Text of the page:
Circulation – First Key to Good Pool Care
Key 1 – Circulation
Good circulation in your pool means a great deal more than filtering water – it’s getting all of the water in the pool moving & through the filter.
Circulation is a lot more than filter or pump turnover Ovalbecken; its removing dead spots – you understand those areas where algae always seems to grow or where dirt & debris always generally seems to accumulate. The higher the water is circulating, the higher the filtration, the cleaner the pool. In reality it typically takes a lot more than FOUR turnovers to have all of the water completely filtered. The next chart shows how much of your pool water is usually filtered in a normal filter turnover. Turnovers are normally determined by “how much” water can go through the filter system – not what is actually filtered. One turnover can take anywhere from 3 hours to 8 hours with regards to the pool’s size and the filter size & pump horsepower.
After 1 turnover – 42% is filtered, 52% is UN-filtered
After 2 turnovers – 84% is filtered, 16% in UN-filtered
After 3 turnovers – 95% is filtered, 5% is UN-filtered
After 4 turnovers – 98% is filtered, 2% is UN-filtered
Why does it take so long & effort? Mainly, it’s because of dead spots. Dead spots are those aspects of the pool where the water might not completely move or circulate. Dead spots will be the “birthing grounds” for algae & bio-films leading to green or cloudy water. They’re the most typical aspects of will be dead spots:
* the underside half the pool especially in pools without main or bottom drains
* corners of rectangular pools
* the “exact” center of almost all round & most oval pools – especially aboveground pools
* behind ladders and / or stairs
* areas directly adjacent to pool skimmers & return fittings
* a mix of all of the above
Let’s briefly look at each one of these areas & provide a cure to the dead spot.
The entire bottom half the pool is a real neglected spot. Many pool-owners unfortunately want to start to see the water rippling across the top of the pool as the filter runs. They point the return jets or eyeballs “up” rather than down toward the bottom. When pointed up, only the utmost effective 1/3 approximately of the pool is circulated. The underside 2/3 remains relatively stagnant, especially the further down you go. The cure: readjust the returns down toward the underside of the pool. This will help create better top to bottom flow of water. Another way is always to connect your vacuum & simply allow it to sit in the underside of the pool for a full day, once each week.
Corners of rectangular pools are notorious if you are dead spots. You will see where leaves & airborne debris are trapped. Decrease along the pool walls from the corners & you’ll see that’s where algae gets its head start. The cure: make sure to thoroughly brush down the corner areas on a regular basis. Once or twice weekly should be described as a minimum.
Round or oval pools, doesn’t mean you won’t have dead spots. Over time we’ve seen round & oval pools having cloudy centers! Really, we have. The main reason, the “circulating” water goes round & round and the guts remains stagnant. Overtime, especially in pools that don’t get regular or minimal swimming, a column of water sets itself up – something very similar to a hurricane’s eye. Lot’s of activity around the eye, but the eye is peaceful & calm! The cure: make sure to direct the pool return fittings down toward the underside & straight across. You’ll receive better overall circulation.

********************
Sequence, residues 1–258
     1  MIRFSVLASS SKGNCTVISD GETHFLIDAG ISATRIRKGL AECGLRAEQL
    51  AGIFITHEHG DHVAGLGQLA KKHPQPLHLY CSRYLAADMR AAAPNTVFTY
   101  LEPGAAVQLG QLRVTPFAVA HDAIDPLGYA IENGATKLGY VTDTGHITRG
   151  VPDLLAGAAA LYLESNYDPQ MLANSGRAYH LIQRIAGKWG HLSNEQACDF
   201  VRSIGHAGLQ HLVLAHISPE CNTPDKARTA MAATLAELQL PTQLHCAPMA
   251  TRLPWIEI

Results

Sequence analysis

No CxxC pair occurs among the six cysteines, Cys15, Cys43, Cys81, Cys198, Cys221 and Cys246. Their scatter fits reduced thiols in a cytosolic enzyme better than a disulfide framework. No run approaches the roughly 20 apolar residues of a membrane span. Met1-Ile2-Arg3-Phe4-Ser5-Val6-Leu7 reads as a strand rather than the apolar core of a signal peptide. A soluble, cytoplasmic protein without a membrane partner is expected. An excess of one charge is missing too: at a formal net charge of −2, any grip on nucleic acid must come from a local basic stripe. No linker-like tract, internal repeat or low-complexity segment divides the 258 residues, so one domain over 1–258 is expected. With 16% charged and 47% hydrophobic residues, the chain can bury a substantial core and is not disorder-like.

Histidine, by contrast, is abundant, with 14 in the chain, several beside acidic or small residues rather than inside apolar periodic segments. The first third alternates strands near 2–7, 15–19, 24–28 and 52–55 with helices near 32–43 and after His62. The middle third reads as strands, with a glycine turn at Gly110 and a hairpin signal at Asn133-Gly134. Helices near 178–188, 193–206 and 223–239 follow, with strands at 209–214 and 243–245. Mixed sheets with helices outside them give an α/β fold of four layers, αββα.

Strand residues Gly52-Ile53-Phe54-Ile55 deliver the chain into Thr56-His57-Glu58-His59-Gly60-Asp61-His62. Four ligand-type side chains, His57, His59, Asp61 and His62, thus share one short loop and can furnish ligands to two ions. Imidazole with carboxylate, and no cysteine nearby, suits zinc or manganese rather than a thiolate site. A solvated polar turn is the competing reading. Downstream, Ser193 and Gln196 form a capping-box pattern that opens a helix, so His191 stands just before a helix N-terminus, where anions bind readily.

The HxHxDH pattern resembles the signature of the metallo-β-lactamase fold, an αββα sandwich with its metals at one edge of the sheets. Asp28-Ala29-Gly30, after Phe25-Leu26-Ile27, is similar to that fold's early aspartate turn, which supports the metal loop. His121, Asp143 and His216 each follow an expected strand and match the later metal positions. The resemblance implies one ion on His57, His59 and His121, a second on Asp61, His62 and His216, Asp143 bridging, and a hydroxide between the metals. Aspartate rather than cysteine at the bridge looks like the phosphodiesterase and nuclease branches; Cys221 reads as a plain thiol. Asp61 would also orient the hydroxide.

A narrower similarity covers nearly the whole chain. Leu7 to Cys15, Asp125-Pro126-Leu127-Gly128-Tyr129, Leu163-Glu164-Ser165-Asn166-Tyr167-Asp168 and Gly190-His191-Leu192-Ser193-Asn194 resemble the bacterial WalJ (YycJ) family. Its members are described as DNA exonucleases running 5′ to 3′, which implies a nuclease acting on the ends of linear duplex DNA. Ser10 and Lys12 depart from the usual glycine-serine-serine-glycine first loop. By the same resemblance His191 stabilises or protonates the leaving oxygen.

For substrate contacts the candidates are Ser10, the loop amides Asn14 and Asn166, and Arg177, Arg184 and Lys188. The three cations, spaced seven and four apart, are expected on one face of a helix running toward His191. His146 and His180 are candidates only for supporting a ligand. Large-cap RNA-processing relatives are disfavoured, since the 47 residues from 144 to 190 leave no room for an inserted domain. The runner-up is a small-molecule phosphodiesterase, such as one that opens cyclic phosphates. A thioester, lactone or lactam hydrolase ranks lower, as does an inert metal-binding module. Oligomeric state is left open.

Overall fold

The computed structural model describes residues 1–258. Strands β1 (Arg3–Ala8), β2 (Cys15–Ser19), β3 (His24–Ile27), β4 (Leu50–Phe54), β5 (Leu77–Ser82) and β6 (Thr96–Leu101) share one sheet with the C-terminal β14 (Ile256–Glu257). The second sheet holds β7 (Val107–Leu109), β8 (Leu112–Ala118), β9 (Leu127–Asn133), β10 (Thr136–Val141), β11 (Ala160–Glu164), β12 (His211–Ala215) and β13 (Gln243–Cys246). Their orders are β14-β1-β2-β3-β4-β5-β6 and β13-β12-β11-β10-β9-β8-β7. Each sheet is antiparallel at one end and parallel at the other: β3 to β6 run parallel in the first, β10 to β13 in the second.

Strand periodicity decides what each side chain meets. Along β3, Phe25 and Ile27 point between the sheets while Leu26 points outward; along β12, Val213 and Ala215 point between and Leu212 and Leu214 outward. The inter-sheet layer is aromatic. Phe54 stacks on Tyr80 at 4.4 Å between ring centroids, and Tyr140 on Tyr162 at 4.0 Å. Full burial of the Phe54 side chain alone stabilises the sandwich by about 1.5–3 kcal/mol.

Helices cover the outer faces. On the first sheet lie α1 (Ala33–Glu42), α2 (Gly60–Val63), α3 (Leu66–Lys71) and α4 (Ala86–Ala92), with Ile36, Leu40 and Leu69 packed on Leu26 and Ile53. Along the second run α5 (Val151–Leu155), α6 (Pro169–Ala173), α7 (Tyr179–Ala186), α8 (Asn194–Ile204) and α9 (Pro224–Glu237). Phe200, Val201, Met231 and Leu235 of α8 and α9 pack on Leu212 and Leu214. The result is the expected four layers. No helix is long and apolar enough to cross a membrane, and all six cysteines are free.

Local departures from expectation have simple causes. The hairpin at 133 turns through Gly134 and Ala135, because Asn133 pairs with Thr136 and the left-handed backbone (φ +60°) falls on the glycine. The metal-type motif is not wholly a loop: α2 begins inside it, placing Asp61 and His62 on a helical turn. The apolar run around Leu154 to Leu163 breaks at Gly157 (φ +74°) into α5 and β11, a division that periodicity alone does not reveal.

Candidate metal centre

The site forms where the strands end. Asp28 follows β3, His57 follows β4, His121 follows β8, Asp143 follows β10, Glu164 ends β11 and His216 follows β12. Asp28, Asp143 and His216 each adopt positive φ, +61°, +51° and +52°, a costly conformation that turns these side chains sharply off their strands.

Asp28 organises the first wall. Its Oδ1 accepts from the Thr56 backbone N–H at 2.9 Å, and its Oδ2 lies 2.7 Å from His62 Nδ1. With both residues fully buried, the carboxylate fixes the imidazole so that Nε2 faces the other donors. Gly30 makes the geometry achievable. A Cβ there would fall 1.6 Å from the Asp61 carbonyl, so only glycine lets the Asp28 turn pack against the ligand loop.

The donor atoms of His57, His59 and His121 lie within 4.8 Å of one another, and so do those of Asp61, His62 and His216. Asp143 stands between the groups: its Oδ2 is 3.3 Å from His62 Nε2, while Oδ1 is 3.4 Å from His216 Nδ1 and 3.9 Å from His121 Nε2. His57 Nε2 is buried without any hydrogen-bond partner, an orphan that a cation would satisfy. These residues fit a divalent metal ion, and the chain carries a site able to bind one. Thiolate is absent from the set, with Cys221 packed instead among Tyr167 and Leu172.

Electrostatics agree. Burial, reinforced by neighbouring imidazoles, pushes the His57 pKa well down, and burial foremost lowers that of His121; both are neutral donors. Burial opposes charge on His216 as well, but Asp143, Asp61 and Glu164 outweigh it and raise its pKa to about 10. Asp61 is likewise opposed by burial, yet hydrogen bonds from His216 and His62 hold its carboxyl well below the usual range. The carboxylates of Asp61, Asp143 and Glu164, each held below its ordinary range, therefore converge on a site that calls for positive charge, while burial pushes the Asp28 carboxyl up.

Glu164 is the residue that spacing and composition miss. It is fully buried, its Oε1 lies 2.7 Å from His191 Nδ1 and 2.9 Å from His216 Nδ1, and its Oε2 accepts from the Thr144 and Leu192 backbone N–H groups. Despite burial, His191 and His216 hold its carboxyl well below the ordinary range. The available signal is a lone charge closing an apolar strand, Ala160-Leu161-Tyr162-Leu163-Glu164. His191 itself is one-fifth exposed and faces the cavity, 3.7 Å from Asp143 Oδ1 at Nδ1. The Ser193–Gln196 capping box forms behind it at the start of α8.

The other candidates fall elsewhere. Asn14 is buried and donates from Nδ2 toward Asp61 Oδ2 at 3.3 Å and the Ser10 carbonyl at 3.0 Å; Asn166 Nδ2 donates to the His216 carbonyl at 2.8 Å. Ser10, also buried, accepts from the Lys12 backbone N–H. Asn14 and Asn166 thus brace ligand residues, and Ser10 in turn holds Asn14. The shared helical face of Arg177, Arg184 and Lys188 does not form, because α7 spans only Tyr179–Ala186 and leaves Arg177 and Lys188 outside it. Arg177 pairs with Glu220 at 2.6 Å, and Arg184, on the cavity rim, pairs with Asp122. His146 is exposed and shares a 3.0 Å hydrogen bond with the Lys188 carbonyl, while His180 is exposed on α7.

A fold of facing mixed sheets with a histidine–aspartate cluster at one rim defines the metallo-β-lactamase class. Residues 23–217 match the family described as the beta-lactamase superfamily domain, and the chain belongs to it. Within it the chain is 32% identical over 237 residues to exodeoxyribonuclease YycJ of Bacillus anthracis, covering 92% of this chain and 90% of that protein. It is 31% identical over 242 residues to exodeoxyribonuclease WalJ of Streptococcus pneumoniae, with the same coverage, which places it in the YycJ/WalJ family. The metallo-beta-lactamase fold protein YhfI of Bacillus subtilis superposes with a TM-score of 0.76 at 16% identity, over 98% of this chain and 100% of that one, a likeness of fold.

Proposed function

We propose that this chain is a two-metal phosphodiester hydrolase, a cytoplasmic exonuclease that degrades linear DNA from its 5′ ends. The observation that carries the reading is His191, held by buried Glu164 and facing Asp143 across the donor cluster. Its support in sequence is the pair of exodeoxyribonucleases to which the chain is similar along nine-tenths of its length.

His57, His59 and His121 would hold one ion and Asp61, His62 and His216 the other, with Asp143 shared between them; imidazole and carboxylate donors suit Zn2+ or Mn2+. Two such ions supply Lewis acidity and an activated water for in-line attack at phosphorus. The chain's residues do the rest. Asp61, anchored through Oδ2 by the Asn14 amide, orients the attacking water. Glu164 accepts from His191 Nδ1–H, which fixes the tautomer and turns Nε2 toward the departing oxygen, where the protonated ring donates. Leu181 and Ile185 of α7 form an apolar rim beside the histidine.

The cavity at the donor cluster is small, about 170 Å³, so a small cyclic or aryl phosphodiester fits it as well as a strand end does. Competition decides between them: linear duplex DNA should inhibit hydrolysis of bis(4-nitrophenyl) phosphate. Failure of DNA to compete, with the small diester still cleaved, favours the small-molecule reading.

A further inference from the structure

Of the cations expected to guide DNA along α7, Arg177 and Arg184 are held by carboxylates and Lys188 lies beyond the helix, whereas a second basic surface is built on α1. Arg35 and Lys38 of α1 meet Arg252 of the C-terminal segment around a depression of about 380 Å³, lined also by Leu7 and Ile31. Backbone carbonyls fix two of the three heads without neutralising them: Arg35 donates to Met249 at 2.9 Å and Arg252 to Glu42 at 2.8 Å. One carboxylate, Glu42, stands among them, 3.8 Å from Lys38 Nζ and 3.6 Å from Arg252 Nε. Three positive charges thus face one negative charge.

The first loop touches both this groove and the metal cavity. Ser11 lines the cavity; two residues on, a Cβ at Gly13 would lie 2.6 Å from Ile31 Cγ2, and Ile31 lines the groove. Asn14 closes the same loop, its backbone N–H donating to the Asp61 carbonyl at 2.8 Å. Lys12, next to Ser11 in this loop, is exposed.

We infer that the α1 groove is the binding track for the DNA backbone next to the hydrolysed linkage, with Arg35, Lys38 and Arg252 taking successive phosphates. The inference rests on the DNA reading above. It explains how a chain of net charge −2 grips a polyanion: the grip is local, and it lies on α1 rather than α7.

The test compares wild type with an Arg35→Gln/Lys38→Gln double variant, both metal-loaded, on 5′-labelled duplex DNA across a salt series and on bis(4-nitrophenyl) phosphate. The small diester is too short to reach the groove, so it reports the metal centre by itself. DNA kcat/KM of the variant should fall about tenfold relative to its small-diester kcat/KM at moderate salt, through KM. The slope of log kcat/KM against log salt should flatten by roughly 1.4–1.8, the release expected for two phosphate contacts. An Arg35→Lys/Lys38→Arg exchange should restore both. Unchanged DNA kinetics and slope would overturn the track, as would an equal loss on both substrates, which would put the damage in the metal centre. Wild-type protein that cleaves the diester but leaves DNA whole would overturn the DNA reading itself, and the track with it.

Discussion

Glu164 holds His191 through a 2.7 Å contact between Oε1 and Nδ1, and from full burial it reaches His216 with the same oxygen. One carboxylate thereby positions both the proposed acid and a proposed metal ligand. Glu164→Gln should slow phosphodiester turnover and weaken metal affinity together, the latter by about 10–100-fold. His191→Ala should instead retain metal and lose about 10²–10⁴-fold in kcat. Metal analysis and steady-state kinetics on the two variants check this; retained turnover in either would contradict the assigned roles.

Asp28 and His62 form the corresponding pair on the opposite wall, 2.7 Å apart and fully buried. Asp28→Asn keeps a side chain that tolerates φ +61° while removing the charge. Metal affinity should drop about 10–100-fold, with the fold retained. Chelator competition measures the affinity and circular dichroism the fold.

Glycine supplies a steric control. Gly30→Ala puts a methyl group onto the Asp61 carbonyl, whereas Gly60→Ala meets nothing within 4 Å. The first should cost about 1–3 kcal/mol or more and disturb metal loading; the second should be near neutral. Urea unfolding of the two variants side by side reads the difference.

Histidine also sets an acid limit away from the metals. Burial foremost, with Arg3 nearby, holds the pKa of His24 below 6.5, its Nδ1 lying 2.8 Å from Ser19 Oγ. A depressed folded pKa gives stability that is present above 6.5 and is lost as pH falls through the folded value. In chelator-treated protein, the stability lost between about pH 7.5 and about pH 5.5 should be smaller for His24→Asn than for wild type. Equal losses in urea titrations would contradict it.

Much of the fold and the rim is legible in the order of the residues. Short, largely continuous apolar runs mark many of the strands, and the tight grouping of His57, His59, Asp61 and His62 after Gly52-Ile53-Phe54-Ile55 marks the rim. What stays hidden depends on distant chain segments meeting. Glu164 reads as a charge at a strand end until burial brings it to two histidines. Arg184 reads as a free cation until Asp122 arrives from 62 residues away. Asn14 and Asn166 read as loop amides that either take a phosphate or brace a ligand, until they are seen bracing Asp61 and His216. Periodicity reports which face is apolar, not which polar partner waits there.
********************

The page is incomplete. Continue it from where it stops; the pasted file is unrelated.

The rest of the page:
The areas behind ladders & especially drop-in style stairs get little if any circulation. No bodies brushing from the pool surface. Algae & bacteria are allowed to grow without hindrance. The cure: Make sure you properly & thoroughly brush & vacuum those areas. Movable or removable stairs should be used from the pool periodically & the pool surfaces cleaned. This really is where the weekly addition of a good algicide is very important – more about that beneath the water chemistry heading. If you utilize a protective mat, remove & clean that as well. Perform this cleaning at least one time in the center of each swimming season.
The several inches around your pool’s skimmer & return fittings are great big dead spots. There might be a lot of water activity around or near them, but directly adjacent…no. The cure: pay special awareness of brush & vacuum these areas. Even brush, vacuum & clean the faceplates of those fittings.
Every one of the above! Dead spots are always in combination. Listed here are the best cures to poor pool circulation & dead spots. And all the ideas won’t even cost you a dime!
* Use the pool. Swim, splash, play. Do laps. Invite some friends over to have some fun. Regular usage of your pool could be the single best thing you can certainly do to give it better circulation.
* Brush & vacuum. It’s like brushing & flossing your teeth. You understand you need to do it. Brushing the pool walls at least one time a week (preferably twice) prevents algae & bio-films from setting roots and learning to be a real headache in very little time. For many “uber-brushing” think about a Wall Whale brush. You’ll receive up to 10 times the brushing force with the effort of just one hand.
* Make sure you point those eyeballs & return jets DOWN. That you do not want to see ripples on top of the water. You would like circulation through the entire pool. Consider installing a Circulator instead of the standard eyeball – can provide up to 1500% better circulation in your pool. Awesome new product.
* Run the filter no less than 8 hours daily. Every day. To truly save money & electricity, make use of a timer to show the pump on & off and use multiple settings to disseminate the time and energy to catch some of these “off-peak” electrical hours.